I first learned of Korean Zen Master Seung Sahn’s “don’t know” teaching when I was studying with a monk by the name of Sungak Sunim. She loaned me a book entitled The Compass of Zen in which Seung Sahn says: “The most important thing you can do is to learn to keep a great question very strongly: ‘What am I?’ By keeping this question with great determination, what appears is only ‘don’t know’” (p. 10).
Not knowing is a state of being that we humans are not very comfortable with. We only have to reflect upon recent disasters to realize just how painful it can be. It’s difficult to return to anything resembling a state of normalcy when we don’t know whether a loved one is alive or dead, or when we don’t know when or if we’ll ever be able to go back home. Likewise, we intimately experience this ‘don’t know’ state of mind whenever we have to wait for the results of a medical test that might reveal a major health problem or sit tight as news of a layoff begins to ripple through our place of employment. Yes, not knowing can be one of the most torturous and tumultuous things we ever face.
The suffering of not knowing isn’t only confined to such daunting life events as those described above, however. It visits us on a fairly regular basis. Do me a favor, please. Think back to those times when you’ve been at work or at school or perhaps involved in something out in the community where it was expected that you’d have some level of knowledge about whatever project it was that you were engaged in. Now, think back to what if felt like to be asked a question – a very good question, a pertinent question, a question that had never occurred to you before – and one that you didn’t know the answer to.
Have you had enough time for reflection? Well, perhaps I’m about to reveal something unique to my own personal karma. Perhaps you’re all very self-secure and unencumbered by expectations – whether they be internally or externally imposed upon you. Maybe you haven’t the slightest difficulty responding to such a question with a sincere and unrepentant: “I don’t know.” If so, congratulations! However, I suspect that I’m not all that unique when I say that my gut tightens up a little bit when I’m in such a situation, and then my mind begins to go down a path of introspection that goes something like this: Oh, man, I should know the answer to this. How did such an obvious question escape me? Apparently I didn’t become as familiar with such-and-such as I should have. Gosh, I hope this person doesn’t think that I’m incompetent, etc.
Does that sound familiar? I’m actually fairly confident that there’s a whole lot of shared human karma going into such a situation. After all, we grow up desiring to be competent. We grow up amidst expectations that we become competent. We take on various roles and we adopt various personas throughout the course of our lives and each time that we do we’re expected to do so with proficiency. Sure, some of us might be more or less conscientious; some of us might put more or less pressure on ourselves, but I think this ‘I don’t know’ scenario is one that we can all relate to.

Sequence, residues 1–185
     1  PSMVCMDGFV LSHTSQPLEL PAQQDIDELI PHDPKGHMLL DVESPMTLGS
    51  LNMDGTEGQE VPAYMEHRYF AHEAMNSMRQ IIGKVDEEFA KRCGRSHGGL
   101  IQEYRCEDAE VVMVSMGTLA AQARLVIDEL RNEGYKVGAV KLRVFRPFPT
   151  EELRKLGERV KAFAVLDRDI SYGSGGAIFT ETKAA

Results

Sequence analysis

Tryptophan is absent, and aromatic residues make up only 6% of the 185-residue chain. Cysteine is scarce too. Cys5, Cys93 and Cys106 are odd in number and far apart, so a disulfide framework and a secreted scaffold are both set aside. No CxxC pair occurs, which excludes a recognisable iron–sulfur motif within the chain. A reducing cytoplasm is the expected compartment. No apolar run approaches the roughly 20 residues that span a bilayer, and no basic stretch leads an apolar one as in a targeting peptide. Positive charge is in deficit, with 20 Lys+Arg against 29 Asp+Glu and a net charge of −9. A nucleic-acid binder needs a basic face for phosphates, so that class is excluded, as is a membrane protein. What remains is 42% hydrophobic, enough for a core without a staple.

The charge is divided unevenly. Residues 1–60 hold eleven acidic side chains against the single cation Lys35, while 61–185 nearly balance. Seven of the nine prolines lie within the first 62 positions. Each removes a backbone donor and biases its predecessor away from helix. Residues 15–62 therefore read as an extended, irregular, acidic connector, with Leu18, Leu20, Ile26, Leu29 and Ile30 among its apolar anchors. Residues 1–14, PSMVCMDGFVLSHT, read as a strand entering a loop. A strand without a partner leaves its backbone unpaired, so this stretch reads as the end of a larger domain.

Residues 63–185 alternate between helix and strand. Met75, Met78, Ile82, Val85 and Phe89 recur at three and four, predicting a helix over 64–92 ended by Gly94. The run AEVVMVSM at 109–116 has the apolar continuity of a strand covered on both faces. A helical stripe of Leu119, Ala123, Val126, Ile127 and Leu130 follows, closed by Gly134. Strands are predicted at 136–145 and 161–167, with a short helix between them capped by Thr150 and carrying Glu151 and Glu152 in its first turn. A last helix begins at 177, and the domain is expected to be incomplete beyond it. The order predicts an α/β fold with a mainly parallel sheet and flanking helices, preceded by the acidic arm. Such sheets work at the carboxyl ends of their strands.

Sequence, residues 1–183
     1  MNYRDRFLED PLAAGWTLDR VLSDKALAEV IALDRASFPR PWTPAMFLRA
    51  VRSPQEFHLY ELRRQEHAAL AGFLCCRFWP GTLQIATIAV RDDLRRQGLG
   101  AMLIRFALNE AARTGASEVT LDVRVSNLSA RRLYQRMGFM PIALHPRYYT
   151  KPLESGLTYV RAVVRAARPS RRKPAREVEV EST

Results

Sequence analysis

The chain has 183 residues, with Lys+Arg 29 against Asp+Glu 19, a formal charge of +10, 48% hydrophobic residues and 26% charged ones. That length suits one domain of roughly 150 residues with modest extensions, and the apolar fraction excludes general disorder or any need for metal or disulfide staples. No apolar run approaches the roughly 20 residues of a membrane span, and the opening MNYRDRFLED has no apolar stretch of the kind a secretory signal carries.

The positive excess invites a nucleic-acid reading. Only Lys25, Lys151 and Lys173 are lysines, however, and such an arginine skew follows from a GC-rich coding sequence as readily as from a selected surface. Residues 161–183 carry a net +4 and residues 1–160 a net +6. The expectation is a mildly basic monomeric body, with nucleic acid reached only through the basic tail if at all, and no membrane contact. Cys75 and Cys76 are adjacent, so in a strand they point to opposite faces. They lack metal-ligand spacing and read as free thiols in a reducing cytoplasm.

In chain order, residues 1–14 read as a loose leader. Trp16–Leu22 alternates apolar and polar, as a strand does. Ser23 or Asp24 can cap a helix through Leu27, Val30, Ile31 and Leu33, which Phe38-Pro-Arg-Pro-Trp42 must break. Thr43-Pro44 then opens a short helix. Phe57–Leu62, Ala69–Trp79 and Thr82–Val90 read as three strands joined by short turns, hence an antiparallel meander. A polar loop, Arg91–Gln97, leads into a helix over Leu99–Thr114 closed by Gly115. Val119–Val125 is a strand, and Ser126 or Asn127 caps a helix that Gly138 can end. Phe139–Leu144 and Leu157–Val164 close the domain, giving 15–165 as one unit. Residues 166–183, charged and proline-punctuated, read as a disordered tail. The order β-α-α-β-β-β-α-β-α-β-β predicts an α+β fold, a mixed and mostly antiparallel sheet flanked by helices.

I was generally a pretty good student. However, I do recall being a schoolboy sitting somewhat uncomfortably in my seat as the teacher’s eyes scanned the room looking for someone to call on. She’d hardly even got the question out of her mouth before hands began shooting up to the ceiling. Some kids waved their hands, almost pleading to be called on. Others were more somber and stoic, holding their arms ramrod straight and still, as if to say: “I know that I know it; you know that I know it; just say the word and I’ll prove it to you.” Still others almost certainly knew, but perhaps they weren’t as confidant in their knowledge, or comfortable with speaking in front of the class. If need be they would answer the question, but they had nothing to prove. Me, I was just trying hard not to give face to my terror that the truth might come out that, in fact, I didn’t know. Yes, this was something of a daily ritual – ten seconds of hell during which the teacher would scan the entire room looking for someone to call on – long enough for the tension in the room to build to a crescendo. You see, only some of the time did the ritual end with someone who actually knew the answer being called on. Much of the time the ritual was intended to ferret out someone that didn’t know. The lesson was a simple one: always know.
All winter long I’ve been thinking about this subtle expectation that we know given the reality that there is so much in life that we can’t possibly know. I actually built a little shrine in my backyard to this ‘don’t know’ state of being. Now, every time I look out the back windows I see it and I’m reminded that I don’t know. I just don’t know. Alright, that probably sounds just a little bit crazy so allow me to explain! We had a warm spell in December of this past year – warm enough that I was feeling very industrious and ready to work outside preparing the vegetable garden for the eventual arrival of spring. I spread out some compost and began spading it into the soil so that it would be nicely decomposed come springtime. I was really enjoying the work by the time I got to the corner of the garden that I’d left to get weedier than elsewhere because something that I’d planted there had not done well. Suddenly, a strange sort of squeak pierced the bubble of my garden-work samadhi and I looked down to see that I’d just sunk my spade into the very spot that a toad had chosen for its winter hibernation. He pulled one leg free from the surrounding earth as if to push himself out of the dirt and hop away. Apparently, though, his other leg was still held tightly in place by the soil that I’d just compacted with my spade. I got down on my knees to inspect more closely the damage that I might have caused and it was then that I noticed him slowly opening and closing his mouth – causing bubbles of blood to begin forming around the edges.